What Makes a Community?


Every day I get emails from all kinds of fun people who are getting started on the journey of building an online community. Some of them want advice, and I’m happy to help wherever I can.

I always say to take my $0.02 for whatever it’s worth, and ignore me if something works better for you. Also, I’m focusing here on online communities, but they share many of the same characteristics as offline ones.

In the 279 Days report, I wrote about the practical aspects of community building. We looked at RSS vs. email, how to create an e-book, and so on.

This post will look more closely at the underlying philosophy of a community. First of all, what makes a community? Definitions abound, but here’s mine:

A community is a group of people united through a common struggle with the same stories.

Let’s look at the definition and related features in more detail.

A group is more than two people. No man is an island, and two people can be a partnership, but you need at least three people to have community. Hopefully, over time you’ll have more than three.

A common struggle unites individuals into groups and creates a sense of urgency. The struggle can’t be too easy. It’s good to be victorious in the end, but you have to go through some hardship along the way.

The same stories help bond the group together over time. Stories can be about anything related to the community. They can be negative, positive, or descriptive.

That’s the definition – my definition, anyway. But what else does a community need?

A community needs a leader. Yes, I know we’re living in a time where everyone’s voice matters. I’ve written before about Influential Following, about how it’s perfectly fine to be a follower. But once you start building a community, you become a leader.

I’ve been a part of organic, leaderless groups and they always share two characteristics: a) they are very small, and b) they lack a collective vision. If you want to grow or take action towards a greater goal, you need a leader. A leader can recruit other leaders, help group members assume responsibilities, and so on – but someone has to be that person.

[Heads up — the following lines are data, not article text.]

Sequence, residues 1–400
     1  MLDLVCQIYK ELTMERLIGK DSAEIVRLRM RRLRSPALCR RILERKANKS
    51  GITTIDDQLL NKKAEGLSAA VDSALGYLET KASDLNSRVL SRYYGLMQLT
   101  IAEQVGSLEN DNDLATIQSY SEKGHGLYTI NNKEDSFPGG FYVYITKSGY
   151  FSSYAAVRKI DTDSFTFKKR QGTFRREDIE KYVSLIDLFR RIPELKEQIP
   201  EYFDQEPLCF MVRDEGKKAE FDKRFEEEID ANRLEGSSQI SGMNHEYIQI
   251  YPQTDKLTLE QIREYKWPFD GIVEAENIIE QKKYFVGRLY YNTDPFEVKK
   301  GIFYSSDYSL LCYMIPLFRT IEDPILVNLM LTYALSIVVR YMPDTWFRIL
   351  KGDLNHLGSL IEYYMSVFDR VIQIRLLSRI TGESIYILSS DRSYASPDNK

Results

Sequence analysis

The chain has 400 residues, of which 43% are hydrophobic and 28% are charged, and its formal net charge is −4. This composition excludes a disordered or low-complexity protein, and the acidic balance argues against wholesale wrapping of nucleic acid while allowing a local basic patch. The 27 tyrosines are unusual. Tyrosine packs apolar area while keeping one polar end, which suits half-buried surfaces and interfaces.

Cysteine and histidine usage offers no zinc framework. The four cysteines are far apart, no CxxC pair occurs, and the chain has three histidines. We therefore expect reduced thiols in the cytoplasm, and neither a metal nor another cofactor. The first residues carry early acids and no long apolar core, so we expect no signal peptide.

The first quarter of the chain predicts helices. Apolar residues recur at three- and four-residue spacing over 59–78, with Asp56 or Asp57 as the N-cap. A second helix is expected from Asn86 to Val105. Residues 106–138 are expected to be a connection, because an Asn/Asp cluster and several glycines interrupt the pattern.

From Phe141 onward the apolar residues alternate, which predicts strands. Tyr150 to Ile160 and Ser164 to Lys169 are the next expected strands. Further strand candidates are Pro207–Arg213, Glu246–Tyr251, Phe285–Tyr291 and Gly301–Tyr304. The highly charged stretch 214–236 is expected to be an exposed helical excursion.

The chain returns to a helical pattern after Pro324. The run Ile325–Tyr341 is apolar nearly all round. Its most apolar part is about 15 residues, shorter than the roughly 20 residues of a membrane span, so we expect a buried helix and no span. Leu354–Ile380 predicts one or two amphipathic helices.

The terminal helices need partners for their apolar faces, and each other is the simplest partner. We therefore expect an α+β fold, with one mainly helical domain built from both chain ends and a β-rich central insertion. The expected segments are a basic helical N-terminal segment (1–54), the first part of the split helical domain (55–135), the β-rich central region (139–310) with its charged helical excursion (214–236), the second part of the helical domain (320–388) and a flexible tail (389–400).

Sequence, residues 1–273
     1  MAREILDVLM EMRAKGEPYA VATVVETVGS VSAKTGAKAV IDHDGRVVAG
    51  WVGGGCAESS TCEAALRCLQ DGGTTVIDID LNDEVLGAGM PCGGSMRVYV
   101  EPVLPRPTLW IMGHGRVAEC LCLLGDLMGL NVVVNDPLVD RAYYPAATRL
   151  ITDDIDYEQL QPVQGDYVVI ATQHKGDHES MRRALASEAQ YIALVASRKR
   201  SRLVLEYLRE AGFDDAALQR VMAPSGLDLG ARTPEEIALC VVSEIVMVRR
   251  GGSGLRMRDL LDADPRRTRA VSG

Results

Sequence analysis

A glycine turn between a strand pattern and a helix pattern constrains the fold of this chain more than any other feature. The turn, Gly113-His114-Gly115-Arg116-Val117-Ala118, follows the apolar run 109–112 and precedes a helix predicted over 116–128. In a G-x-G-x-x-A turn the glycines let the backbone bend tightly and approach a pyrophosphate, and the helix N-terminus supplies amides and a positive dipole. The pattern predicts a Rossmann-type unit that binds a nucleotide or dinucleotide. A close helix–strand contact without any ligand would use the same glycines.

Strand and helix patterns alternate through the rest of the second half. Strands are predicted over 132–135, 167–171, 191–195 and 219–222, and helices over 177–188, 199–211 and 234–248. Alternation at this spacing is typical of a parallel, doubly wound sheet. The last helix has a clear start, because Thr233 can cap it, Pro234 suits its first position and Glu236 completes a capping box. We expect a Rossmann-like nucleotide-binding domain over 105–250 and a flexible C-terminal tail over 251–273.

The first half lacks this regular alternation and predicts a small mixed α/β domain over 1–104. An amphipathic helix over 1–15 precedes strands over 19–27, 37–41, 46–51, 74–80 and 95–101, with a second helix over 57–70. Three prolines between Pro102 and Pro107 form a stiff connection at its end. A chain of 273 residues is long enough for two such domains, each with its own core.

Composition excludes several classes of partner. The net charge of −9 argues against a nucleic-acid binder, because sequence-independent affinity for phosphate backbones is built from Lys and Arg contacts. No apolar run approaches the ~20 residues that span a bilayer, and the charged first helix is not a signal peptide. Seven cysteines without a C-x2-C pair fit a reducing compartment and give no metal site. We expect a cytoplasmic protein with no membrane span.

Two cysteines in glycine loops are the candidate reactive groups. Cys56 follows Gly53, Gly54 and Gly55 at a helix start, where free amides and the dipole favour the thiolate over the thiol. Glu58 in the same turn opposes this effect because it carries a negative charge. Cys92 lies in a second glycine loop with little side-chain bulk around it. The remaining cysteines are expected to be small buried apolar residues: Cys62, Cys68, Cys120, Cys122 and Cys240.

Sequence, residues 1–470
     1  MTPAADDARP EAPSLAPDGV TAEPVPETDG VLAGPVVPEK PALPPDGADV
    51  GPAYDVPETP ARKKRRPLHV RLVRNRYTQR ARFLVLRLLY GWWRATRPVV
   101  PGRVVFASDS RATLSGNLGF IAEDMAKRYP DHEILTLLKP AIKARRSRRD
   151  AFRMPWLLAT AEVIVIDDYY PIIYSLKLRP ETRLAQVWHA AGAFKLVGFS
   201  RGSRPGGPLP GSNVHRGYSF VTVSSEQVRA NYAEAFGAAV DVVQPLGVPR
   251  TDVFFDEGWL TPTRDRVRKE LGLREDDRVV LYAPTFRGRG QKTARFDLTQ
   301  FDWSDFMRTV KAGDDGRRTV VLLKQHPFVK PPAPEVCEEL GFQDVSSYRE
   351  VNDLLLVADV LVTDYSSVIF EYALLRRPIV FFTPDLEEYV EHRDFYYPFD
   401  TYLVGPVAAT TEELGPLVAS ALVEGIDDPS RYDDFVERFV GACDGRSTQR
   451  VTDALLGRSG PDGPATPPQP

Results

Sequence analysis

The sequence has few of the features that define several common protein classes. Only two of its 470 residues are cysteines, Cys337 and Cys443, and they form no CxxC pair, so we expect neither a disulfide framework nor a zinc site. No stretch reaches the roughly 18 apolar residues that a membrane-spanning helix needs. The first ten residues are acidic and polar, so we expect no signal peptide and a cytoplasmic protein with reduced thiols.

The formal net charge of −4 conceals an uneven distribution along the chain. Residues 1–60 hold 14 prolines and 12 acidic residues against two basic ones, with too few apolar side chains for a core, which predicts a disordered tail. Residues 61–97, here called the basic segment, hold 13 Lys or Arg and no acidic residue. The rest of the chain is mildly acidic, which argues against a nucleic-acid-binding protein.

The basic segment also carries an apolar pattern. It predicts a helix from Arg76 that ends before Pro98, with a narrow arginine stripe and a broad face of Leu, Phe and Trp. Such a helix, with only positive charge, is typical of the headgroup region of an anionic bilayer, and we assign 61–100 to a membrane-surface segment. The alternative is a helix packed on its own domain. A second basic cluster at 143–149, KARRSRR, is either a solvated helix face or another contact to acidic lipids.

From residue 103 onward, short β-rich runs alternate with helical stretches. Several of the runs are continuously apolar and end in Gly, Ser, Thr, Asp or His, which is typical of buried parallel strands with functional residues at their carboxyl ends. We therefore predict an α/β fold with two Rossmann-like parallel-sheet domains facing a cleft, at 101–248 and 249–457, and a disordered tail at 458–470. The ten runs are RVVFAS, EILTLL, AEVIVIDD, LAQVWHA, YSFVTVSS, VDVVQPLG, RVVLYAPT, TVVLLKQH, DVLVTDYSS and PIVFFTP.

A community needs friends AND enemies. It’s easy to see why friends are needed, but defined enemies create cohesion among group members. You need a villain, a bad guy. The bad guy can be a person, group, idea, or belief.

Some might ask, why do you need an enemy? (Can’t we all just get along?) It’s kind of like asking what happens when nonconformity becomes the norm – what will we do then?

My response is that the idea of nonconformity becoming the norm is kind of like the idea of world peace arriving tomorrow. That would be wonderful; call me when it happens. Until then, having a defined enemy increases the strength of the community.

Here’s a good example of a new online community: ManvsDebt. It’s very clear what this project is all about. There’s a cause, a struggle, a leader, and a villain. Adam is a good storyteller and seems committed to seeing things through. He’s also moving from Indianapolis to Australia in just a few days. Good luck!

A (strong) community needs a long-term commitment. Make sure you know what you’re getting into when you start something up, and how long you’re willing to commit to it. A short-term commitment can produce a weak community, but a stronger group needs time to grow. The natural cycles of growth and regression are hard to shortcut.

A community needs its own language. The language can be terminology, concepts, or phrases that take on a special meaning to members of the community. Like anything else, the language can change over time, but it creates a subtle boundary between group members and outsiders. Here at AONC I write about world domination, a concept that some people “get” and others don’t.